• As noted under Action NPS-1 and NPS-2, the Sault Ste. Marie Innovation Centre completed a number of projects to assess the quantity and quality of sediment being deposited in the area east of Bellevue Marine Park. The results indicate:                                                              - the deeper sediments (> 5 cm) are stable under a range of historical flow conditions (i.e. those measured over the last 100 years); and            - the sediment is soft and relatively thick (2.5 to 4.5 meters), with the likelihood of hydrocarbon contamination in the uppermost 0.9 meters of sediment.
  • As noted under NPS-1, in 2018 fieldwork was completed which included sampling associated with a new BEAST study, coring work east of Topsail Island in order to update the vertical characterization of the sediments in this area and the application of tracer compounds in that same area to aid in the future assessment of sediment accumulation.

  • Results compiled to date indicate that contaminated sediment is low risk within the AOC, however, data is being reviewed in conjunction with other biological studies. The information will be factored in during the development of the multi-agency sediment management plan (see Action NPS-1).
  • Reports will be completed for the 2018 BEAST and coring work. Additional fish and invertebrate toxicity work will also be completed using sediment collected during the 2018 BEAST work.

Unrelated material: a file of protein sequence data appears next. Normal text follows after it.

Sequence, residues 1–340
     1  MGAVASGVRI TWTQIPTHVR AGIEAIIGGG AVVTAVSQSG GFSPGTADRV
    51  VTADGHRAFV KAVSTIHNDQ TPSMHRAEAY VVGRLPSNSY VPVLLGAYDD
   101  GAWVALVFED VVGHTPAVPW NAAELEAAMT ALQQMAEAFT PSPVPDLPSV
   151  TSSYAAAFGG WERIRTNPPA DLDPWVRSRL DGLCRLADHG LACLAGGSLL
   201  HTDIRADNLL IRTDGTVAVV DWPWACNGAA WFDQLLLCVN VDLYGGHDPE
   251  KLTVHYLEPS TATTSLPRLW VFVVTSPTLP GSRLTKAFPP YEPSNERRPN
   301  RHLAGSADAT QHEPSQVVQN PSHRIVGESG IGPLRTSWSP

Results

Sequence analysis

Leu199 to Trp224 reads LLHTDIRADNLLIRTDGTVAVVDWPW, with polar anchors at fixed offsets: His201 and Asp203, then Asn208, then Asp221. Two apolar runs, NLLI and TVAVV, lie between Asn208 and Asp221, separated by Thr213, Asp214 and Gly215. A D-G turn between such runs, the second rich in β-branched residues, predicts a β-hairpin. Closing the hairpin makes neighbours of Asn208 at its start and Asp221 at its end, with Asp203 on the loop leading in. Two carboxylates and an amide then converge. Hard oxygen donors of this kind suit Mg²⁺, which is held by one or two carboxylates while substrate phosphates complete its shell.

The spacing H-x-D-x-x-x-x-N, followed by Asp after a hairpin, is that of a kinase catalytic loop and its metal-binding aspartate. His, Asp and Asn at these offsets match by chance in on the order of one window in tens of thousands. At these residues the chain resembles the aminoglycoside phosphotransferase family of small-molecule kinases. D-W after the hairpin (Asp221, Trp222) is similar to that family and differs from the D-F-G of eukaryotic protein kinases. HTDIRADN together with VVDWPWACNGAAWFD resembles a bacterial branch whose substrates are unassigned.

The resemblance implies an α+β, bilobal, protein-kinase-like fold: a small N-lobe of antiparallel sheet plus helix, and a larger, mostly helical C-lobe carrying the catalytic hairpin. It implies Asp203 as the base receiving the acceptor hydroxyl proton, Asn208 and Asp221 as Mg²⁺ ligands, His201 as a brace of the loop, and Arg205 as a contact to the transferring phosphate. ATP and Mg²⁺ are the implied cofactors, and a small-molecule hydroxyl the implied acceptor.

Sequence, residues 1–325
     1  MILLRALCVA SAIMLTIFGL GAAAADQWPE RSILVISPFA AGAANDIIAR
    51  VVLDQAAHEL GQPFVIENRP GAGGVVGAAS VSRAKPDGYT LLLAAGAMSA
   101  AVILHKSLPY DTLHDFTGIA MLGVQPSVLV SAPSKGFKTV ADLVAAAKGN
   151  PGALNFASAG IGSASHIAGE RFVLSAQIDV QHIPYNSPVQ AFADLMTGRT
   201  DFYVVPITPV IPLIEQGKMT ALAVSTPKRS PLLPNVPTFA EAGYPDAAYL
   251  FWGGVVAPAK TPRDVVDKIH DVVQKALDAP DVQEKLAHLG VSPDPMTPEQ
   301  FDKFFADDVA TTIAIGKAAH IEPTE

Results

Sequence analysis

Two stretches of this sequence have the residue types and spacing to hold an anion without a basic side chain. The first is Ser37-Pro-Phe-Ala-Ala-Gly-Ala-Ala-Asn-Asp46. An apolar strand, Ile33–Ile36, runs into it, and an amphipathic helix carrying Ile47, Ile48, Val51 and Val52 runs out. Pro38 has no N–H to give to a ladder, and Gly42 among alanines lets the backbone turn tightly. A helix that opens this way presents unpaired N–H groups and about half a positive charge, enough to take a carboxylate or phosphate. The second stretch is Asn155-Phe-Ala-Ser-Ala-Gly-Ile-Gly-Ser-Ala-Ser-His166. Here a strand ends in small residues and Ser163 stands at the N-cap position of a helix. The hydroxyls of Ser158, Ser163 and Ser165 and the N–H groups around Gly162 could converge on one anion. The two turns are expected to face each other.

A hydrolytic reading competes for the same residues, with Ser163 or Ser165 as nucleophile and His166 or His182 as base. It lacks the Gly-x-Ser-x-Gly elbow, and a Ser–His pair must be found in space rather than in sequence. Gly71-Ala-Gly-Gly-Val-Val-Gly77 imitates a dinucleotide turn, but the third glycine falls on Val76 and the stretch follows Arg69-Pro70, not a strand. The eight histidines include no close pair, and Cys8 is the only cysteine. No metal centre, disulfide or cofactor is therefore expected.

Action NPSM-6: Benthic, Toxicity, and Sediment Chemistry Studies at Bellevue Marine Park

Current Status: COMPLETE

BUIs Addressed: Degradation of Benthos

Benthic, toxicity, and sediment chemistry studies using core samples should be continued in the Bellevue Marine Park area and at reference locations to confirm and document further improvements in water and sediment quality (see also Action NPSM-7). If improvements continue to occur, then further remediation may not be necessary (Kilgour and Morton 1998).

  • The Canada-Ontario Decision–Making Framework for Assessment of Great Lakes Contaminated Sediment was applied to St. Marys River from 2002-2010. Although contaminants were elevated in Bellevue Marine Park, this area was the least biologically impacted and does not require sediment management action.